Marketing Ideas for Manufacturing: 7 Ad Tactics You Might Not Have Considered
Amp up your marketing tactics with new ways to advertise your manufacturing business online and off.
With so many advertising avenues available these days, it’s easy to stick with tactics you know. If that strategy’s working for you -- great! That success gives you the opportunity to test-drive a new channel. And if you’re wondering “How can I promote my manufacturing business” or you’re not satisfied with the results your current campaigns are getting, use these ideas to execute on a new level.
Here are 7 analog and digital marketing ideas for manufacturing companies:
Ads in affinity media (trade, industry and special interest publications and sites) still carry weight with decision-makers, and new options go beyond print ads and web banners. Traditionally, manufacturers have focused more on trade groups -- which are still useful. But with the rise of corporate social responsibility, smart marketers are looking for advocacy groups to partner with, too. Targeted and sponsored emails put your message in every member’s inbox. Sponsored articles and blog posts connect your brand with topics relevant to their audience. Identify the major trade groups serving your target prospects and investigate options for promotion.
This one’s a little niche-y, but very interesting. “One of the most successful ways we have advertised online has been through Google Gmail Display Advertising, a strategy that most B2B manufacturers don't even know exists,” says Plainfield, Ill.-based digital marketing consultant Jeff Moriarty. The program allows you to target Gmail users who receive emails from competitors or have emails containing text or subject lines relating to the client’s business. “The cost is cheap -- pay per click. It’s fairly simple to set up and the management resembles any other sort of campaign in Google Adwords.”
YouTube isn’t just a video platform, it’s a search engine and an advertising tool. Short videos enable you to show and tell about your enterprise. Steven Nghe, head of marketing and communications at Kloeckner Metals in Roswell, Ga., uses video to “highlight our people and our processes, all with a sense of humor, and take a video-first approach that trickled down to other formats. Our monthly market video reports with John Ganem are titled Monthly Market Report: Ganem Style and we have an annual April Fool’s campaigns centered around a video that in one way or another ask our community to rethink how they see steel.” Consider demos of new equipment or your manufacturing processes; introducing key team members from the corner office to the shop floor; and case studies and customer testimonials. Search terms and data are important here, so don’t overlook opportunities to include a strong narrative description and meta/alt tags with your video.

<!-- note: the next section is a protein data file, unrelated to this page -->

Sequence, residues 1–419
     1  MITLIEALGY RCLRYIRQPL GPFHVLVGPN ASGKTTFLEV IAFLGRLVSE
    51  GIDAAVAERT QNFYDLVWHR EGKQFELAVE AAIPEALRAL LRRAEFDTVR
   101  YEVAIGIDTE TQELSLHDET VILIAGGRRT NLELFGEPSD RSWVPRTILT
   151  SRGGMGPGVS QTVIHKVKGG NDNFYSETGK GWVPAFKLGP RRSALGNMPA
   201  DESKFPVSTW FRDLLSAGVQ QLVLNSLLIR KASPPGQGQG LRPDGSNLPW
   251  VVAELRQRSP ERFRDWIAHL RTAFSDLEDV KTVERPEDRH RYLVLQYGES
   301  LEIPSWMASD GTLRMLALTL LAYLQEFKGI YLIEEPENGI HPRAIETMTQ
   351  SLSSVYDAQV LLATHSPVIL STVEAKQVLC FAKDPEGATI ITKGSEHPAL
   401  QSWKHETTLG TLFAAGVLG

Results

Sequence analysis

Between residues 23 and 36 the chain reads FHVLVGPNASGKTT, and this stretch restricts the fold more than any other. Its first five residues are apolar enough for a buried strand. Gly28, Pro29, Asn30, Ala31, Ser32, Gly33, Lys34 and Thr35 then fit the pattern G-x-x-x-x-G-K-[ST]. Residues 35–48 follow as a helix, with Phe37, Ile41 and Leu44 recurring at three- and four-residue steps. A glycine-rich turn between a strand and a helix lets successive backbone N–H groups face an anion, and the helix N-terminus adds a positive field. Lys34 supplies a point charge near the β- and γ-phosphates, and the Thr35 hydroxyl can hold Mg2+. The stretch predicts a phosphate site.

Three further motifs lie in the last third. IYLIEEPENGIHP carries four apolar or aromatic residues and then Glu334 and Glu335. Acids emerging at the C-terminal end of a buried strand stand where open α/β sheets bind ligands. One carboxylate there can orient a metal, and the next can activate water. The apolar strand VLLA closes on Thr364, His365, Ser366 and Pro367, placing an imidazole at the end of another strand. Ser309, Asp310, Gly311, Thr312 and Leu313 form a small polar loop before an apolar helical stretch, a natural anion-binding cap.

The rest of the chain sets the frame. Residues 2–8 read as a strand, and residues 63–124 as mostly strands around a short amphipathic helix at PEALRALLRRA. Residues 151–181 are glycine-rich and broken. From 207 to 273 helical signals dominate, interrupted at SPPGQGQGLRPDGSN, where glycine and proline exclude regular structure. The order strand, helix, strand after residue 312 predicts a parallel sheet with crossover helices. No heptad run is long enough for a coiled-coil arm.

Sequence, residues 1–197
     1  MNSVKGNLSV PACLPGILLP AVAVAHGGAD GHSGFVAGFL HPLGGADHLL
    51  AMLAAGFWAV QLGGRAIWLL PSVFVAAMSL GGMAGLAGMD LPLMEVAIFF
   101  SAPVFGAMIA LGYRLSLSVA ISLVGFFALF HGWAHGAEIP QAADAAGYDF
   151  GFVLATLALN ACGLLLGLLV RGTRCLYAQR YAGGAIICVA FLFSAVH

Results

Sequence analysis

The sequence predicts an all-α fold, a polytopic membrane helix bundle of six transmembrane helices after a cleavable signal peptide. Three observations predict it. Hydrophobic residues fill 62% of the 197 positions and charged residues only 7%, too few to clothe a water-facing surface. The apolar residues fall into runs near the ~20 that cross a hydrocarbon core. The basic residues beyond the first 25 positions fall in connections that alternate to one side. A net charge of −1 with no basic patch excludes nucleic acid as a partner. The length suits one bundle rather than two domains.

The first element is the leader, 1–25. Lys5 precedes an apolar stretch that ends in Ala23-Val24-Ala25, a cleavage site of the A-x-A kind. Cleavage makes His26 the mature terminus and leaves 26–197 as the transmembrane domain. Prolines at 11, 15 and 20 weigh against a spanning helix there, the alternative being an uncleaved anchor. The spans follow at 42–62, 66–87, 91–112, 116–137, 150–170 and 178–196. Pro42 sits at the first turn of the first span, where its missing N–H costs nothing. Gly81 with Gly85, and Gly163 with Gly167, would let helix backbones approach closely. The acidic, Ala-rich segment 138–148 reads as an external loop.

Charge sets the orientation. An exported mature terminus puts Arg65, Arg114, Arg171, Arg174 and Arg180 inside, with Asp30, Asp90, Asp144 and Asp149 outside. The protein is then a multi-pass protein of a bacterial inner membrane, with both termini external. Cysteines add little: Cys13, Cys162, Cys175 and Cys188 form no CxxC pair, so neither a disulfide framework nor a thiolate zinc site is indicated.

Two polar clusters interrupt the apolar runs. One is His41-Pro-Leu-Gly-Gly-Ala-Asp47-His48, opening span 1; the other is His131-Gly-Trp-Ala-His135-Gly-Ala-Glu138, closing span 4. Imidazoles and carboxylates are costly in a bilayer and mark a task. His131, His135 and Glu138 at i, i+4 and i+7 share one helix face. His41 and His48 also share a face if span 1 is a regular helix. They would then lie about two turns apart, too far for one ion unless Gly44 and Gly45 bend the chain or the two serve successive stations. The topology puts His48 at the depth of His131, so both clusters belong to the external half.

While what’s on your website fuels search results, paid ads on search fuel your pipeline. Serving up an ad pegged to specific keywords puts your company in front of the right people right when they’re seeking information. The key, according to Nick Swekosky, CEO of Market Metrics in St. Louis: “Identify keyword terms that focus on behavior, interest, intent or audience demographic. For advertisements on search, this will likely rank higher than other advertisements. The best way to augment your keyword research is to compare with the results of speaking or surveying existing and prospective clients. That will provide the best insight into the best titles and content for your advertisements.”
This is a new-school term for what old-school sales folk called lumpy mailers. While traditional swag like branded pens and keychains are nice, modern manufacturers can level up, using your own 3D printing capabilities to deliver one-of-a-kind items that stand out and are relevant to your business. Include a call to action inviting recipients to visit your site or redeem a coupon, and make sure the sales team follows up with a call or email to ensure delivery and connect with prospects directly.
Your prospects trust people they know more than a nice but unfamiliar sales pro. Referral marketing is an intentional program that encourages and rewards your customers to “sell” to their colleagues. To be successful, the initiative should be easy for customers and rewarding. Talk to potential referrers about what kinds of incentives would be most meaningful.
Trying one or more of these tactics can give your marketing program -- and your bottom line -- a boost.
“With longer sales cycles in the B2B space, I recommend that marketers -- even those at small manufacturers and machining companies -- take on the task of not only telling stories, but taking an omni-channel approach to sharing those stories,” Nghe adds. “Advertising isn’t just a product ad in a trade magazine or banner ads on AdWords. It is every touchpoint where you share your brand’s story. Ask yourself, what makes your company unique? There’s always something. Define it and leverage it into stories across different media, content types, and touchpoints. The more consistent you are, the more you'll find that you stand out among your competitors.”